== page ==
True story: a patient of mine in her mid-thirties came to my office complaining she was tired–more tired than she had ever felt in her whole life. I looked at her carefully and, from appearances, nothing seemed wrong. She was an active woman who regularly ran 3 to 5 miles three times a week. She had a hectic job as an attorney constantly back and forth between the office and the courthouse. Of course, she had stress.
Who in New York City Doesn’t Have Stress?
But this patient felt like this is stress she could handle — as she always had. Her fatigue was now affecting her mood. She started staying in on the weekends and cutting back on her exercising.
I examined her for all the signs of anemia, which is a low red blood cell count, but nothing was abnormal. I then ordered blood studies to check for typical causes of being tired: anemia, thyroid dysfunction or metabolic disorder. Her thyroid tests were normal, and her blood counts showed normal levels for her red and white cells. Her iron level was normal, as well.
But Then the Ah, Ha!
I gave her the test that gives insight into a true low body iron storage — her serum ferritin level was extremely low at 10 (a normal count is above 50). My patient was clearly iron deficient and this explained her fatigue and weakness. I wasn’t surprised, women of child-bearing age (menstruating) lose blood that can significantly alter their iron level. In addition, running can cause women and men to lose iron stores. The double-whammy of being a woman runner had set her up for this condition. The good news is that this can be treated and prevented with proper attention to your diet.
Iron is an essential mineral that is required for normal red blood cell formation. The classic foods that are a good source of iron are: red meats(not the white meats like chicken and turkey), lentils, spinach, and raisins. Also, cooking in an iron pot is also an excellent way to get more of this mineral in your body. You can, of course, get iron in a supplement form, however, it isn’t always absorbed best that way and for many patients, it can be very constipating.
Final thoughts: why didn’t this patient’s blood show she was anemic or low in serum iron? The answer is that these two blood studies don’t always become abnormal until the patient is severely iron deficient.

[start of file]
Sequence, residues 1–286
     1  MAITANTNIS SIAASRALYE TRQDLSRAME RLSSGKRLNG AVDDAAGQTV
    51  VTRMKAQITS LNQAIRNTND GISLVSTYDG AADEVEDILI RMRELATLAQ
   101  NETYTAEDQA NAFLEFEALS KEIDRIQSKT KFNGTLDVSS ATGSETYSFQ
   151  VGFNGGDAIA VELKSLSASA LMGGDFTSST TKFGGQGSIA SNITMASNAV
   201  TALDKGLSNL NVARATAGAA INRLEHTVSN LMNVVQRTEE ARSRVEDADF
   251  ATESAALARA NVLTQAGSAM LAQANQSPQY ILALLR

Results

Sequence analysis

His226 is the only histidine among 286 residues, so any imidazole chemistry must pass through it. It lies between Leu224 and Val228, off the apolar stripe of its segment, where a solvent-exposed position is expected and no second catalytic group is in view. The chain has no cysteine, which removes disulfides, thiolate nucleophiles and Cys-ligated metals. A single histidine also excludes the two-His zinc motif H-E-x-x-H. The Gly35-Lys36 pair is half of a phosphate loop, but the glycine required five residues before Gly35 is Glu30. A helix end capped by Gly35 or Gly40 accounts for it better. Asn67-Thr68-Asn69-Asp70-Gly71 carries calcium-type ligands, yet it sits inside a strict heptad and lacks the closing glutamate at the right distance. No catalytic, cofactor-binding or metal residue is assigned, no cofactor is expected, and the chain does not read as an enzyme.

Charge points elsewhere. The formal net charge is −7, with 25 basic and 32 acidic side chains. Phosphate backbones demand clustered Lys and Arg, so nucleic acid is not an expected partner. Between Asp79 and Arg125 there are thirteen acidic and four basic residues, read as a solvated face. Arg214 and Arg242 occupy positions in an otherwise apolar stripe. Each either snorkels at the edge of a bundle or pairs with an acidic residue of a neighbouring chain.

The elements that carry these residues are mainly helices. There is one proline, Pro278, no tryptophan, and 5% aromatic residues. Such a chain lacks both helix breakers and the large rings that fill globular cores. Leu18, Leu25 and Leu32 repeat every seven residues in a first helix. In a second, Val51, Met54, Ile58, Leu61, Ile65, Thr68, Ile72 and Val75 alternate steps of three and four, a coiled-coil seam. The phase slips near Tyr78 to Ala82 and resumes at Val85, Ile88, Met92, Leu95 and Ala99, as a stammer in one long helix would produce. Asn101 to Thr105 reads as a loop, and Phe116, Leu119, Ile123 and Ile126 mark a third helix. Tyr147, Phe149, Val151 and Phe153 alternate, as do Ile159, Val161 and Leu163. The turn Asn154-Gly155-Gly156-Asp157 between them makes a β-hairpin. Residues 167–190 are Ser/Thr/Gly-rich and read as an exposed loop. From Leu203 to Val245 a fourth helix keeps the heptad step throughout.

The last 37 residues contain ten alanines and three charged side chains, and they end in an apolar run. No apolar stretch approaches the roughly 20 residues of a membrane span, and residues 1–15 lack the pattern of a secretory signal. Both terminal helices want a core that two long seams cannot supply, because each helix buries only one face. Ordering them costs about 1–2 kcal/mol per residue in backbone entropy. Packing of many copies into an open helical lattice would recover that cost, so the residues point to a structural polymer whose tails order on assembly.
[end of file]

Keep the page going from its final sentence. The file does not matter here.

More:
In the past, I was a strict vegetarian and my serum ferritin was low from lack of iron. Initially, I loaded up on lentil soup with spinach–and it’s still one of my favorites. If, unlike me, you don’t want to indulge in a lamb chop a few times a month, then try my winter lentil soup recipe.
Lentils are slow-burning complex carbohydrates, which is important for your active folks. This member of the legume family increases your energy by replenishing your iron stores–1 cup gives you 36% of your daily recommended intake. Unlike red meat, another source of iron, lentils are not rich in fat and calories. Give it a try.
Spring Is Coming Lentil Soup
- 4 leeks – sliced into 1/4 inch pieces and cut in half
- 1 bunch kale or spinach — about 3 cups
- 1 tablespoon olive oil
- 3 1/2 cups of diced tomatoes, drained, or two 14 oz cans (we like Muir Organics)
- 3 cups of water
- 3 cups of vegetable broth
- 2 sweet potatoes, peeled and diced
- 1/2 cup lentils — black or brown
- 1 tablespoon chopped fresh thyme leaves
- 1 bay leaf
- 2 teaspoons sea salt
- 1/4 teaspoon freshly ground black pepper
- parmesan cheese (for topping)
Place leeks in a large bowl of cold water to clean. Drain in a colander.
Stem kale (if using) and chop leaves. There is no need to stem baby spinach (if using).
Heat the oil in a saucepan over medium heat. Add the leeks and cook for 3 minutes. Add the tomatoes and cook for another 5 minutes. Add the water and broth and bring to a boil. Stir in the kale or spinach, sweet potatoes, lentils, thyme, salt, pepper, and bay leaf. Simmer until the lentils are tender, about 30 minutes. Remove bay leaf and discard. Serve topped with a little parmesan, if you choose. Enjoy!
Dr. Dean Mitchell
Mitchell Medical Group, NYC & Long Island